Monday, February 01, 2016

[Prologue] Peak Prosperity : How do we know that Singapore is in decline ?

I've got less than an hour before my lectures begin so this is going to be a short post.

Right now I am in the process of researching the concept which has the working title of "Peak Prosperity" which sounds so interesting, it may warrant a new book from me in the future.

In my previous books, I would pull out bad news and events from thin air to conclude that the Singapore Dream is being threatened by external forces. This time round, I hope to be more methodical so I would have to read more deeply before forming my conclusions. The biggest problem right now is that technology is displacing jobs faster than we can retrain but this problem affects the whole world and we are actually better equipped than most countries to deal with this problem.

So, the book I am reading is The Geography of Genius by Eric Wiener which may shed light on societies which reach its peak in the past and then declined with the times. My progress is quite slow and have covered only Athens and Hangzhou so far but on casual observation, city states reach their peak when they are the most open minded. Athens accepted foreign traders and had a great marketplace and only began its downward spiral when its citizens began to closed their minds to new ideas. Hangzhou was also the kind of place where people were encouraged to experiment and synthesise new ideas - Su Dongpo was a poet and an engineer.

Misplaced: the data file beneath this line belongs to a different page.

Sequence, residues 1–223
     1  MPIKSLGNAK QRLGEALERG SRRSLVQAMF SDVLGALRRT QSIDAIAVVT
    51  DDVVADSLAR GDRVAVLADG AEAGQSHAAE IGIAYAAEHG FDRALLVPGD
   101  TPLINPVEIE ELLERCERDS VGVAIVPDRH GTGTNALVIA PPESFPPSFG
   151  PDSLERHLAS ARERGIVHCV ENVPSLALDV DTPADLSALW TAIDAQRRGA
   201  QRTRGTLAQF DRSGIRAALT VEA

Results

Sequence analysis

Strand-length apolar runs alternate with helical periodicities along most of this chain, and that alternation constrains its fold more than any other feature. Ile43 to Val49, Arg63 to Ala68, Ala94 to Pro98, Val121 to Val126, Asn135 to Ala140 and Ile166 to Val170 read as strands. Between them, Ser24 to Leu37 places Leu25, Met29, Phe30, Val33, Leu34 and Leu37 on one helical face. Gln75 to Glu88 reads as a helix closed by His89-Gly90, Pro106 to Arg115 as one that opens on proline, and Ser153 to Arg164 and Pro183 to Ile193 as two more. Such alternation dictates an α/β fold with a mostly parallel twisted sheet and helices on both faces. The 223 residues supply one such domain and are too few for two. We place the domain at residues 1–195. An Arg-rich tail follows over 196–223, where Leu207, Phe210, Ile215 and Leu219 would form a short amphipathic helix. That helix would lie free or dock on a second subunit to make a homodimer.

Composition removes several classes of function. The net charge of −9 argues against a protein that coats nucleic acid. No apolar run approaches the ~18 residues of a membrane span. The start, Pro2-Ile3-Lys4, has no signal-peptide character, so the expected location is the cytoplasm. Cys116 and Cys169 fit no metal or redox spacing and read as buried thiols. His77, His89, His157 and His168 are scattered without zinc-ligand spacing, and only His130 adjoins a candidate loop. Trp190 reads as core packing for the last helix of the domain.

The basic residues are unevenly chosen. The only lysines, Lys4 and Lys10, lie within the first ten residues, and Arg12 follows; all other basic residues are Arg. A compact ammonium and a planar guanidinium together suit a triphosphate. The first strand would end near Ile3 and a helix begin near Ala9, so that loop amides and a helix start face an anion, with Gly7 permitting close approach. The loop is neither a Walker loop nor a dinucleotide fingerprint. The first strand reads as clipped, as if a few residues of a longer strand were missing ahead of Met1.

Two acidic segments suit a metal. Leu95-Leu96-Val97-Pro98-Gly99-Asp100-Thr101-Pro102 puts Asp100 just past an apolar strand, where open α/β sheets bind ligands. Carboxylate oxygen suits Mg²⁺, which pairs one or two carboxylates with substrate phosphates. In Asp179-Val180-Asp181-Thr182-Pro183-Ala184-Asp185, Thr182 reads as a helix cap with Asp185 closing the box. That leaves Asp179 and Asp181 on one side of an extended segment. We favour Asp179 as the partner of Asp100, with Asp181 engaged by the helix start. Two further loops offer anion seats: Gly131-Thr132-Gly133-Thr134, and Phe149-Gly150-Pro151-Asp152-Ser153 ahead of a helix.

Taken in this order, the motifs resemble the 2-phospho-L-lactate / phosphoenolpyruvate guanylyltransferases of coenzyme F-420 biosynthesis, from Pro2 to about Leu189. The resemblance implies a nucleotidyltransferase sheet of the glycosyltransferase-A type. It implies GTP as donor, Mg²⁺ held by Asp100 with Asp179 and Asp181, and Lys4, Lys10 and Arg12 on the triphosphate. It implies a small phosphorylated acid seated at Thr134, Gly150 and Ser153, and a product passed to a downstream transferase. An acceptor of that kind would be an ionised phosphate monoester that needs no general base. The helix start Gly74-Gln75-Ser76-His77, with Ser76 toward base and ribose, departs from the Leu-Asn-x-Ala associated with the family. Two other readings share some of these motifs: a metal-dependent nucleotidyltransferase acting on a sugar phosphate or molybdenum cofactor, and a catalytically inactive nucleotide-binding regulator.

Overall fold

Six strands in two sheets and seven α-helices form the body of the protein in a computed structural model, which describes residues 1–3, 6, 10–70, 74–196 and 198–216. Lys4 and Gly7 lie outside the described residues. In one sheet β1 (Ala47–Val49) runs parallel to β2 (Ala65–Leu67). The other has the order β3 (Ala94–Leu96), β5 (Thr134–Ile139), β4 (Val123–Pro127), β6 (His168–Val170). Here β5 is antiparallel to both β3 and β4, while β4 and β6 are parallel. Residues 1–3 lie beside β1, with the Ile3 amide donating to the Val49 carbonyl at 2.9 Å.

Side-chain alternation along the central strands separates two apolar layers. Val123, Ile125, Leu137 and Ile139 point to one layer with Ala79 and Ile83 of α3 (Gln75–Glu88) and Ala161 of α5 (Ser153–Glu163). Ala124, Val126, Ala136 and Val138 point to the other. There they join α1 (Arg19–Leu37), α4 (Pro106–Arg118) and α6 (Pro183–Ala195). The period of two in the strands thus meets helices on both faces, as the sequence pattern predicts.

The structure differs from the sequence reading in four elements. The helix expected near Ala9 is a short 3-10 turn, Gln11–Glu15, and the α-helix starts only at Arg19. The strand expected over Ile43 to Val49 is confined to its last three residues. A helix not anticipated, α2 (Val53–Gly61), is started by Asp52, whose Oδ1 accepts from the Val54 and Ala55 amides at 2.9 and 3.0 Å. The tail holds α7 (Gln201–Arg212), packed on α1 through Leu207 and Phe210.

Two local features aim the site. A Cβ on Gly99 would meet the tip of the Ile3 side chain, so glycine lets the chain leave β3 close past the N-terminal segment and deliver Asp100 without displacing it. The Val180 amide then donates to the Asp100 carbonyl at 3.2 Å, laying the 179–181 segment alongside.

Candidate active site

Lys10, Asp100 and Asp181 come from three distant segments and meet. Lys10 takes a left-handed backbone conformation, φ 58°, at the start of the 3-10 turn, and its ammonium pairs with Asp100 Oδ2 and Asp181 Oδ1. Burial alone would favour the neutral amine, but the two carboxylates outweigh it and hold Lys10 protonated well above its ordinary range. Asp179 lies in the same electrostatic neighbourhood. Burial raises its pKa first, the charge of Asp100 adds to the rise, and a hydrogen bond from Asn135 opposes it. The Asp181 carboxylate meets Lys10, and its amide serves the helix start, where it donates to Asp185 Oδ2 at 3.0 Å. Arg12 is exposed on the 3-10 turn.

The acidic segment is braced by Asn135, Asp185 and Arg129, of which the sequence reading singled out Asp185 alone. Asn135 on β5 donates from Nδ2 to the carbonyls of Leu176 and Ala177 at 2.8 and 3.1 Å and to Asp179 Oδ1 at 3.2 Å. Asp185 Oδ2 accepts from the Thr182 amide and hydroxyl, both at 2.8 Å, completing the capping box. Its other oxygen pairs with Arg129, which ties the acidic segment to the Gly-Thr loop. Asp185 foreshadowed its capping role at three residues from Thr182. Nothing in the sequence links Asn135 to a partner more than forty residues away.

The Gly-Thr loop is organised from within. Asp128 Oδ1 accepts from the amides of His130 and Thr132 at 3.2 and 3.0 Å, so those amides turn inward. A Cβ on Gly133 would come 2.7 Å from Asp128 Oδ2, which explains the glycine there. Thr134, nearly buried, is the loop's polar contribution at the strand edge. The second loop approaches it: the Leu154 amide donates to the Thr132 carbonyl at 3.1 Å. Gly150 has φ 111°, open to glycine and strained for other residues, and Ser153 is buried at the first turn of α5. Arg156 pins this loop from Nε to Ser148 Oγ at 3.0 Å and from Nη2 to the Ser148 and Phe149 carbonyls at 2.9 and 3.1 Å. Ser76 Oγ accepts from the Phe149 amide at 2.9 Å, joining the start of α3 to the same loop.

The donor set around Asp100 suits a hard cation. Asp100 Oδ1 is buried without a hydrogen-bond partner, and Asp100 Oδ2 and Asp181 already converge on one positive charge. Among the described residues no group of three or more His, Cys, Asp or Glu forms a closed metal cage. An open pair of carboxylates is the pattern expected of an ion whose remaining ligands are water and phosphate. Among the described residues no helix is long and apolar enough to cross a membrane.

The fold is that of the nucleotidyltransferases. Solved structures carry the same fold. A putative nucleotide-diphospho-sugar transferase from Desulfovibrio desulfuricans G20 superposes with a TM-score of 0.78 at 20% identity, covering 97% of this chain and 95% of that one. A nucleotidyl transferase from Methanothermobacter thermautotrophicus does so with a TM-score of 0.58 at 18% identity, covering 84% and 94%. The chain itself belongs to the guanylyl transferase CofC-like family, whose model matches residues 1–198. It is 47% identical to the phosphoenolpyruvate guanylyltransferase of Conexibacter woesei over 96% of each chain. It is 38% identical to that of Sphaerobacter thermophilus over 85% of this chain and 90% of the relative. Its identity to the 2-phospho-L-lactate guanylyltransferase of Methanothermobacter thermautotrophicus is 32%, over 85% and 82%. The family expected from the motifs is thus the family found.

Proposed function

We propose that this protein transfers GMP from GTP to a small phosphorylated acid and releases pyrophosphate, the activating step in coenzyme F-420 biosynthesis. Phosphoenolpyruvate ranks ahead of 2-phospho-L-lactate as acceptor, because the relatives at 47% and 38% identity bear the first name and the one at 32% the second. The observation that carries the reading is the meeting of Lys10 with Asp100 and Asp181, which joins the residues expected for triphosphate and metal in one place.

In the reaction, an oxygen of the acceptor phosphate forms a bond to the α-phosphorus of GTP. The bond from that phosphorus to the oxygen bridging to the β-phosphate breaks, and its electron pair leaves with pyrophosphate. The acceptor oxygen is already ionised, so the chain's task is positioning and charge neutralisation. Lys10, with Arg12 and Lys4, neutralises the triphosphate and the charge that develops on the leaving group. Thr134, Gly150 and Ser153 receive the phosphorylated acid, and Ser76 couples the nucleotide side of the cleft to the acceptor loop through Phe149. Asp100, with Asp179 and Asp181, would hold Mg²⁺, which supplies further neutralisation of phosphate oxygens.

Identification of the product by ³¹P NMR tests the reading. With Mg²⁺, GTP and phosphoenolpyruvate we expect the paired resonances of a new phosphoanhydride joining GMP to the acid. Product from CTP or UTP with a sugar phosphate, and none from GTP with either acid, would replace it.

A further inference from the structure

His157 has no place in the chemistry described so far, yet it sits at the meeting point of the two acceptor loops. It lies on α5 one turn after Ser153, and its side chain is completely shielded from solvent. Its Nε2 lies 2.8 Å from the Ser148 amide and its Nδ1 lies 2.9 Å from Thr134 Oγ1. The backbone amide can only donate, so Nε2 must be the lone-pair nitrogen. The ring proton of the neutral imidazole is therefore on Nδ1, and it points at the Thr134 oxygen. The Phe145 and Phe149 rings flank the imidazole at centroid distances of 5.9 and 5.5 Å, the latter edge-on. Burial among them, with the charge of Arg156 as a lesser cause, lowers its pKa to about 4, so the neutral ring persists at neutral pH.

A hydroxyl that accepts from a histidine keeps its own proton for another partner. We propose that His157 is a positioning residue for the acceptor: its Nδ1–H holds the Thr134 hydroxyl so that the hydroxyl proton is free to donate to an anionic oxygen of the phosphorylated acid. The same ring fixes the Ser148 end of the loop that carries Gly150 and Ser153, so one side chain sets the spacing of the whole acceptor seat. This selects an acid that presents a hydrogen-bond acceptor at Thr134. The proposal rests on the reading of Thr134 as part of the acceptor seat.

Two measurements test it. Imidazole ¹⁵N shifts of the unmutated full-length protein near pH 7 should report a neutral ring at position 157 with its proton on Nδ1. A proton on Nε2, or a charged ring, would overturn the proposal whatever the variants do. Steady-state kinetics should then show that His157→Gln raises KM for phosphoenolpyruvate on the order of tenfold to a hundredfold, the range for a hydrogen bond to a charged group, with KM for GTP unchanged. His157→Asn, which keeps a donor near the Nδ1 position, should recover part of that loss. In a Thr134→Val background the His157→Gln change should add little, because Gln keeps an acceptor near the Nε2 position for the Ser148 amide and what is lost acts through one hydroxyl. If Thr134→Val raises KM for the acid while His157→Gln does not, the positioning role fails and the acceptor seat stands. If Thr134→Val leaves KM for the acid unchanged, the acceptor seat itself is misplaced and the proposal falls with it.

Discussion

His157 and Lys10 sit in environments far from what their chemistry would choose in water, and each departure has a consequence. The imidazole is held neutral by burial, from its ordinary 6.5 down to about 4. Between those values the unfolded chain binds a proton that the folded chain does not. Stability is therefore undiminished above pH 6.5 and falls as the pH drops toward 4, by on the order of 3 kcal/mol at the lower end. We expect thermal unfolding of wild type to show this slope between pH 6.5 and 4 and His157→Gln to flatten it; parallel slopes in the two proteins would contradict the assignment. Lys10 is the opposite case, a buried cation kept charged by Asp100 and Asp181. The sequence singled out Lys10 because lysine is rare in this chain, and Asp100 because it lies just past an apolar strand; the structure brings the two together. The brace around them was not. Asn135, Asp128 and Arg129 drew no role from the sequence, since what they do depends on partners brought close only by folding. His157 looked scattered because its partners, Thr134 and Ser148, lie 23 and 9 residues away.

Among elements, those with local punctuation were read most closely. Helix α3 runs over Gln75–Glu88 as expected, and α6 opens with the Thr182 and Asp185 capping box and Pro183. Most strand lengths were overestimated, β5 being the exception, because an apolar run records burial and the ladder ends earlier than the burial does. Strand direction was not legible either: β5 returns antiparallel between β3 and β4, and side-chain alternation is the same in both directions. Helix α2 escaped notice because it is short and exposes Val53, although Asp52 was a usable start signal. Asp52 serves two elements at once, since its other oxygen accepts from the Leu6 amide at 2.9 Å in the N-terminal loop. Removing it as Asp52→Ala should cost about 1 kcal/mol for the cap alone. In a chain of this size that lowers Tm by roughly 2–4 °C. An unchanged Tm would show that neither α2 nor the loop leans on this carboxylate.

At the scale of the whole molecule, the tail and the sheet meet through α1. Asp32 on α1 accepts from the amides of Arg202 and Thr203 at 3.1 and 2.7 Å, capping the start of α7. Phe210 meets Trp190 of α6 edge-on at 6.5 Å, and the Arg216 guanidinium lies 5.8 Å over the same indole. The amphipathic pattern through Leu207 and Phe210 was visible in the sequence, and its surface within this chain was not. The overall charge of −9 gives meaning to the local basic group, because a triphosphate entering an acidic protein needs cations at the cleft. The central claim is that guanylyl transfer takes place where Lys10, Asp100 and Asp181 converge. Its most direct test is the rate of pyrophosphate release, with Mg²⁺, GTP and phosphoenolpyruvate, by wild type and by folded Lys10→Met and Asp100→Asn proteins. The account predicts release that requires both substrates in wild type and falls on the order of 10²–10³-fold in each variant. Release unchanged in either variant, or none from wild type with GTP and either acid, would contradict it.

Similarly Singapore is thinking twice about its foreign talent policy, I guess to prevent a decline, Singapore would need to continue to admit talented individuals but at a pace which is acceptable by the electorate. I think the government may need to, once again, pursue an unpopular FT policy once our transport woes are resolved.

But this research continues because I have to figure out what metrics can be used as a leading indicator to predict a decline in Singapore.

Right now I have no hints on which numbers to look at.

Any feedback or suggestions are welcome.


  1. Hi Christopher

    Based on expectancy theory, you will find "evidence" out there to support your next book. Ain't sure that is a good idea or not but numbers are numbers. The finance market is full of techniques, investment philosophies and countless ancient history to draw parallel to today's happening in the stock, forex and economic developments.

    Does it leave the retail investor wiser knowing George Soros is betting huge on RMB or several hedge fund managers are joining the bandwagon?

    All the best to your new book!

  2. Hi Christopher,

    One thing that comes immediately to my mind is demographics in general and ageing population in particular (the famous age-pyramid slowly starting to stand upside down).

    It is a proven fact that once we cross the fifties we do consume less and less. So who will be the consumers in the future? Tourists? Would they be so kind to buy a few properties during their average stay of 3.7 days too?

    Looking forward to your new book.

  3. Thanks Andy !

    Demographics is definitely a relevant answer. But we are already doing our best to attract foreign workers to replace our numbers. But there is this fear that demographics is not enough.

    Once foreigners become Singaporeans, they stop reproducing and suffer under the same stresses.